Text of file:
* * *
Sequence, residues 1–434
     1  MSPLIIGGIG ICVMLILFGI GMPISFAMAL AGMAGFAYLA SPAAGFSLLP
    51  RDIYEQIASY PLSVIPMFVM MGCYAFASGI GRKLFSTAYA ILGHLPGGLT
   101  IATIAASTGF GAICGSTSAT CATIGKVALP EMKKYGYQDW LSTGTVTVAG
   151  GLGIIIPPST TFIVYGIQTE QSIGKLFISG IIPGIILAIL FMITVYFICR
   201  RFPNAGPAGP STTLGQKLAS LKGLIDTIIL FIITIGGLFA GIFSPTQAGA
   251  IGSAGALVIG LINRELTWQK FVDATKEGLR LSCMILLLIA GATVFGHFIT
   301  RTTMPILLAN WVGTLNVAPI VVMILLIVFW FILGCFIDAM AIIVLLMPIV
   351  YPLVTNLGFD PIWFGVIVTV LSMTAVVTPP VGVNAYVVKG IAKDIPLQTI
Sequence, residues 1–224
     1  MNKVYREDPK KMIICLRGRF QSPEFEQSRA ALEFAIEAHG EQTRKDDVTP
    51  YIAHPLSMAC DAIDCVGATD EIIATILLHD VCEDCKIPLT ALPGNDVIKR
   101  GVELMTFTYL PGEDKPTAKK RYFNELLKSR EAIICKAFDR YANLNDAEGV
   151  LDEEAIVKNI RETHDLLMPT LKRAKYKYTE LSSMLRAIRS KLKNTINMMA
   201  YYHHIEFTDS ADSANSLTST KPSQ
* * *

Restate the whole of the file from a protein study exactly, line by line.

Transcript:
Sequence, residues 1–434
     1  MSPLIIGGIG ICVMLILFGI GMPISFAMAL AGMAGFAYLA SPAAGFSLLP
    51  RDIYEQIASY PLSVIPMFVM MGCYAFASGI GRKLFSTAYA ILGHLPGGLT
   101  IATIAASTGF GAICGSTSAT CATIGKVALP EMKKYGYQDW LSTGTVTVAG
   151  GLGIIIPPST TFIVYGIQTE QSIGKLFISG IIPGIILAIL FMITVYFICR
   201  RFPNAGPAGP STTLGQKLAS LKGLIDTIIL FIITIGGLFA GIFSPTQAGA
   251  IGSAGALVIG LINRELTWQK FVDATKEGLR LSCMILLLIA GATVFGHFIT
   301  RTTMPILLAN WVGTLNVAPI VVMILLIVFW FILGCFIDAM AIIVLLMPIV
   351  YPLVTNLGFD PIWFGVIVTV LSMTAVVTPP VGVNAYVVKG IAKDIPLQTI
Sequence, residues 1–224
     1  MNKVYREDPK KMIICLRGRF QSPEFEQSRA ALEFAIEAHG EQTRKDDVTP
    51  YIAHPLSMAC DAIDCVGATD EIIATILLHD VCEDCKIPLT ALPGNDVIKR
   101  GVELMTFTYL PGEDKPTAKK RYFNELLKSR EAIICKAFDR YANLNDAEGV
   151  LDEEAIVKNI RETHDLLMPT LKRAKYKYTE LSSMLRAIRS KLKNTINMMA
   201  YYHHIEFTDS ADSANSLTST KPSQ